For Those Who Go Beyond Boundaries

Well, what’s wrong with you?

with 2 comments

I recently read on one of my favorite blog sites a posting that addressed the plight of single African American Women’.  And during this blog this guy rambles on about the infamous 70% of African American women who’re single (no thanks to Oprah); and the ever looming issue of ‘good black men’ being either gay and/or incarcerated. And it’s fine to address these ‘issues’ within the African American community. Because the only way you’ll change them is if you face them, am I right? But why has it become the latest and greatest ‘hot button’ topic of debate?

This ‘topic’ has gained so much attention that it’s even becoming debated and deliberated overseas in the UK and parts of South and Central America; where black men are now raking in the frequent flyer miles seeking future wives. There was even an article (or blog) addressing this issue titled ‘Do black Men Prefer Dominican Woman over American Women?” on The Fly Guy Chronicles


And in Essence.   But with the entire buzz amidst our ears of why 42 to 70 percent of black women are unwed, one must wonder where is all this coming from? Why is it now such an issue that women (mainly black women) are not hopping the broom? Is it because in finding fault with black women; it’s somehow takes the burden of ‘fault’ off black men?

Now I know as children we’re taught that our sole purpose in life is to grow up, get married, have kids, living in the white house on the hill, with the white picket fence, dog and cat and a (black) husband that ‘brings home the bacon’. We’re taught that we’re not to even consider having a child out of wed lock, or even thinking twice about engaging in a relationship with a woman. We’re taught that dating or marrying a man who’s not black (much less having their children) will bring disgrace upon our father’s family name and that it’s strongly recommended that we be wed prior to magic age of 30 (to a black man). And I know I’m not the only woman whom received these lessons in life from my parents and elders as a child.

 But, what if life doesn’t happen that way?

What if you decide that having a family prior to age 30 is not for you, much less making the decision to never have a family or be addressed by the title of Mrs.?

What if you, being the strong, successful, independent and educated ‘diva’  that you are decide that going to school, earning your degree, purchasing your own home and establishing your ‘Queendom’ first is what’s best for you in the here and now;  and then finding a ‘man’ later on in life?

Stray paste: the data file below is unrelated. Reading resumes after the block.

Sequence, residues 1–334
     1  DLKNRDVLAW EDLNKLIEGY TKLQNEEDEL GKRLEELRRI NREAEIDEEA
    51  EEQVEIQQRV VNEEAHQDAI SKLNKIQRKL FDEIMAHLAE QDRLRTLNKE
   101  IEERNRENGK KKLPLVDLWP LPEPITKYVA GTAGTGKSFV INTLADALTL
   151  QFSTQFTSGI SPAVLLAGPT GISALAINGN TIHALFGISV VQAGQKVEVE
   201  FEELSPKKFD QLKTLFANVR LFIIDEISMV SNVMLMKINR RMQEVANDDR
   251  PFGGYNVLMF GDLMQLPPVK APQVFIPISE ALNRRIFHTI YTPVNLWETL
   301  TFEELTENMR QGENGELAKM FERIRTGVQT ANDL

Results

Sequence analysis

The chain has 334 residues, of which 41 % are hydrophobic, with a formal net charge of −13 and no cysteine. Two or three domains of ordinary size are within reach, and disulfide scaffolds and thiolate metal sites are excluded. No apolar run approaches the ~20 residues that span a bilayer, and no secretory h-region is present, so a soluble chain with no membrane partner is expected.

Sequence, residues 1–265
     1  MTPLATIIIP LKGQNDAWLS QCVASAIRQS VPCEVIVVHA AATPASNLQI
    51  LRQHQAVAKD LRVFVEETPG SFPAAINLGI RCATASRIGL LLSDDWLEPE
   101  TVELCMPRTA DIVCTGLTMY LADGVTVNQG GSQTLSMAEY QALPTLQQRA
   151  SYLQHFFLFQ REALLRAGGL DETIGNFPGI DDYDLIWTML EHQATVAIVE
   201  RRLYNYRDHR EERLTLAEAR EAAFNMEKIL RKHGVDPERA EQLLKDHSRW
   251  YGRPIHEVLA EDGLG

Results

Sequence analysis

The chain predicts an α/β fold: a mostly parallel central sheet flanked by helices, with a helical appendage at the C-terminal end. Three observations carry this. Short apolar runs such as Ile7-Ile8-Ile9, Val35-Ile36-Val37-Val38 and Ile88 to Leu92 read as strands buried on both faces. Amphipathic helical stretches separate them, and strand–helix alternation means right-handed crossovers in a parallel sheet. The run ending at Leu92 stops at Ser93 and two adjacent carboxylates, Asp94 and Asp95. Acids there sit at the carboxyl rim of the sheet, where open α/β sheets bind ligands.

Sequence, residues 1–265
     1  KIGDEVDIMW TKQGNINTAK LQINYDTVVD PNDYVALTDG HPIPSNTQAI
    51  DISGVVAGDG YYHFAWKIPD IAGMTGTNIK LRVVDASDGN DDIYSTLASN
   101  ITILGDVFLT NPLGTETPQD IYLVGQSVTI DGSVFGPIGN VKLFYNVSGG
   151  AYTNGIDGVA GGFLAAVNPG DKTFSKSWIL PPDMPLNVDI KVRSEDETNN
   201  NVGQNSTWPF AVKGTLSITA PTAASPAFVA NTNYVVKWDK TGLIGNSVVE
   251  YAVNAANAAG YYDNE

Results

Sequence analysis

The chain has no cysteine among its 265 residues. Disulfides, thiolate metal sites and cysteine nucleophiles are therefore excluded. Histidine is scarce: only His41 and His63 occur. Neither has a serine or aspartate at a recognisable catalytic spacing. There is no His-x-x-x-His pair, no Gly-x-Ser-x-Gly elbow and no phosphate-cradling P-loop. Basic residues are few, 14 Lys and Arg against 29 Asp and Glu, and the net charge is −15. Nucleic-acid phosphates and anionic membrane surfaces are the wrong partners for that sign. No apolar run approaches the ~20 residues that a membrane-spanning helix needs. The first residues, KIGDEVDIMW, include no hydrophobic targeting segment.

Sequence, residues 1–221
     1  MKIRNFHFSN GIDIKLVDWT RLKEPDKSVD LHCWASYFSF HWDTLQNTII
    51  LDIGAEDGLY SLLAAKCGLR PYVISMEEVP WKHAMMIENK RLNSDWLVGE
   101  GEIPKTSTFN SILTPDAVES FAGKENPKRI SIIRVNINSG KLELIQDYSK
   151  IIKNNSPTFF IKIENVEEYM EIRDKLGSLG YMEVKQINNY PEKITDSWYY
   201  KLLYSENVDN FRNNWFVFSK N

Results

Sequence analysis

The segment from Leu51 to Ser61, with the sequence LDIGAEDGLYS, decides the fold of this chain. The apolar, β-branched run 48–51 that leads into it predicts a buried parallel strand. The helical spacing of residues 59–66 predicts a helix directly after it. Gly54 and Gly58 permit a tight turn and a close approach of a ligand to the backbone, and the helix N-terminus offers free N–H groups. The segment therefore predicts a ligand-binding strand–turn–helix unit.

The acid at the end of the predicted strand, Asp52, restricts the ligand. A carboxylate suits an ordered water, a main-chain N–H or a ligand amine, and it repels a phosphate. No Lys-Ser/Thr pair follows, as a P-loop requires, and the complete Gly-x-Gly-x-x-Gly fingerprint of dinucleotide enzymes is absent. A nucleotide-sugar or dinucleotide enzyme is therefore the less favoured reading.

Does that mean something is wrong with you, because you don’t live the ‘cookie-cutter’ predestine life that has been established for you based on your race and sex?

Does this mean that you’ve gone against the grain and have unknowingly participated in a revolt against a preferably conservative life style for ‘successful’ black women?

What if you decide that you love a man who’s skin tone doesn’t match yours? Do you marry him because you love him, or do you let him go because he’s not the right hue?

What if you’re lesbian? What if your heart belongs to a girlfriend who’s now your ‘girlfriend’? Since you’re union doesn’t count (assumed) before God and (legally) before the courts of law, have you failed in life as well?

I sometimes sit back and listen to people talk out the side of their necks on this issue, and I wonder ‘who determines if a woman is living her life right’? Why is our society more obsessed with a (black) woman’s material status, than it is doing something about the more serious issues that plague our streets? Not every single black woman is dying to have a ring on her finger; much less sharking the streets looking to consume someone else man like fresh chum. So many social-psycho analyst and scientist, doctors, and literary professors are increasingly joining the ranks amongst the plethora of talk show host, internet bloggers and shoppers in line at ‘Bloom’ grocery store pitching their two cents in as of to why I’m single.

And its honestly amazing to sit back and watch the spectacle of three ring antics that comes forward with people voicing their own opinions as of to why black women are finding it so much more difficult to find a lifelong partner, than that of our sisters of other races.  Who says it’s more difficult for us though? What if we’re just not as egger to become wed (and soon after divorced) as other woman? What if its a subconscious, subliminal satellite uplink being downloaded into the celestial of all women of African descent on a separate frequency, that’s telling us to wait!  What if god as has a commercially reserved antenna that transmits a beaconing to ‘sista’s that he’s working on sending the right man for them their way, and that she must patiently wait his arrival? For when he does find her, their wave lengths with have the same digital signature that syncs his transmitter to her receiver, letting them know that they’re a perfect match?